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the north east

GreenFingers: project

Clients are becoming more informed and educated, which is great as they know what they want as they’re more informed in the first place, comments Sally Tierney. ‘People are more environmentally aware, so they don’t want to use chemicals, and they do want more planting that look good but also attract birds, and water for hedgehogs. They’re moving away from formal design to more informal, wildlife friendly, environmentally sensitive design, and the impact of the materials on the environment. As soon I get an enquiry, I send people a book I’ve written, because there

East Yorkshire is particularly active at the moment are three common problems that the book can help to find answers: some people don’t know what they want in their garden so they don’t know where to start; they discuss maintenance after the garden is already been designed and built, instead of beforehand; and as it’s easier to work with nature rather than against it, it’s important to work out what in their garden.’ ‘We’re doing more kitchen gardens, and we’re putting in more edible plants in mixed schemes, and people are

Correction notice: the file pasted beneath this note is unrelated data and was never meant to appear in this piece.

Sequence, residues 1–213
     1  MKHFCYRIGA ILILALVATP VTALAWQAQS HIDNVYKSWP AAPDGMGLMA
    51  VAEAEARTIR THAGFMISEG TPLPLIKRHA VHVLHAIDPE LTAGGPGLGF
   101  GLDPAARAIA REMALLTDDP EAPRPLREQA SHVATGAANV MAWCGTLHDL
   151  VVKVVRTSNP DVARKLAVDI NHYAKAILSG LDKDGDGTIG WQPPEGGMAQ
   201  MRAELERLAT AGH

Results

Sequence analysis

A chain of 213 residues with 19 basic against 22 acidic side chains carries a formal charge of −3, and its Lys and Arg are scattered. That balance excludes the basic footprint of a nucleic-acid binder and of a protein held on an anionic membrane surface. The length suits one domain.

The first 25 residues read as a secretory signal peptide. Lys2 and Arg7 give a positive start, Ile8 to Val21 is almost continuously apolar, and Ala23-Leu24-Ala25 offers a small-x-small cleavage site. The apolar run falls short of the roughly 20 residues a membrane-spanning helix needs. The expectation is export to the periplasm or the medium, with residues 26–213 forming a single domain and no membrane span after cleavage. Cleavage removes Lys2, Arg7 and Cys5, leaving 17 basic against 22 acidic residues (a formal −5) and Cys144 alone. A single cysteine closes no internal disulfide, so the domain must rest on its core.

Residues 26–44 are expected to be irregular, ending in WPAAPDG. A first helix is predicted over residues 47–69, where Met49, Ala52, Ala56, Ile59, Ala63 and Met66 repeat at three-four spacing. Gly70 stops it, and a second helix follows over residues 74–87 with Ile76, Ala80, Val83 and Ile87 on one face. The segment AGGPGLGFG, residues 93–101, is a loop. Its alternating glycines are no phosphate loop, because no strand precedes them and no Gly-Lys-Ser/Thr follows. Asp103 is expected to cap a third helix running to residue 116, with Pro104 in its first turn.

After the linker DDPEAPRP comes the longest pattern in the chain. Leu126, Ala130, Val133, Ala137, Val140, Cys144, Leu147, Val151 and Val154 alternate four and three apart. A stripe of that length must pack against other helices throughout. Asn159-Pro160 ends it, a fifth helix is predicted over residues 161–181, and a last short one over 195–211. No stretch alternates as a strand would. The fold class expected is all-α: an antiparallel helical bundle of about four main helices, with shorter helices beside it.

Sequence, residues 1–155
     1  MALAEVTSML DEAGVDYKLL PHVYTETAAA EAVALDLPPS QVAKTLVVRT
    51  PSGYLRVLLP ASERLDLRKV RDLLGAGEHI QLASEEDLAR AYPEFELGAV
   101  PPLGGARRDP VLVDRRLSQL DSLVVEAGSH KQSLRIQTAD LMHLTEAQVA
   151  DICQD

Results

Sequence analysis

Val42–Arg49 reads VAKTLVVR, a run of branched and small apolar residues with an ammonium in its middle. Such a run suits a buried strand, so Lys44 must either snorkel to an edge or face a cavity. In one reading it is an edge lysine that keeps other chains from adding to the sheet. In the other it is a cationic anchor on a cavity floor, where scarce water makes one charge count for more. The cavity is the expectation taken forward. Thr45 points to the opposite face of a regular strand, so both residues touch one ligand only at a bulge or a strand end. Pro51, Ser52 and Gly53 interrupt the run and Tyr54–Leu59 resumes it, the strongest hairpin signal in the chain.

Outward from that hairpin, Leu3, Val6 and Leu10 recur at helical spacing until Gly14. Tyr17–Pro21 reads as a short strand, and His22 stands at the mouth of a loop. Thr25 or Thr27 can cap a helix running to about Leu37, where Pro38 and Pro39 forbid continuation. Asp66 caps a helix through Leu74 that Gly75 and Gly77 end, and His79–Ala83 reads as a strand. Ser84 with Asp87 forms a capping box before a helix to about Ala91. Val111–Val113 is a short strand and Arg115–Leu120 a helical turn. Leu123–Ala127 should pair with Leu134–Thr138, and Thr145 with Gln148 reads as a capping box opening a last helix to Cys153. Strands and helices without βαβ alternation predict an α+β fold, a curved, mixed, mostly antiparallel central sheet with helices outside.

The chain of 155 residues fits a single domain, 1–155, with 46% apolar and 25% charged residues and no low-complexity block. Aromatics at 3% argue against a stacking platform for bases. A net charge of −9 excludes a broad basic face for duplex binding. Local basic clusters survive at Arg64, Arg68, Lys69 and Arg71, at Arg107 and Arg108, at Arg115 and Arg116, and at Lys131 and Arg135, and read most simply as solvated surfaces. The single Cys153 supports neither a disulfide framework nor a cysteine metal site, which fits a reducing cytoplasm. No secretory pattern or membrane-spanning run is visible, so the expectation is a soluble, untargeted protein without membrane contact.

spending money on greenhouses, and potting sheds,’ comments Lizzie Tulip. CHALLENGES Difficulty in finding fully trained staff is an ongoing challenge, comments Karen Lewis. ‘There’s a lack of garden design/horticultural training in our area, and the nearest garden design diploma/degree course is many miles away.’ She adds: ‘Garden design as a concept in itself is a relatively new concept for the Northeast, people sometimes struggle to understand the difference between garden design and landscaping. Sourcing good quality materials has also

Duncan Ross: Vredo Seeder at Timperley GC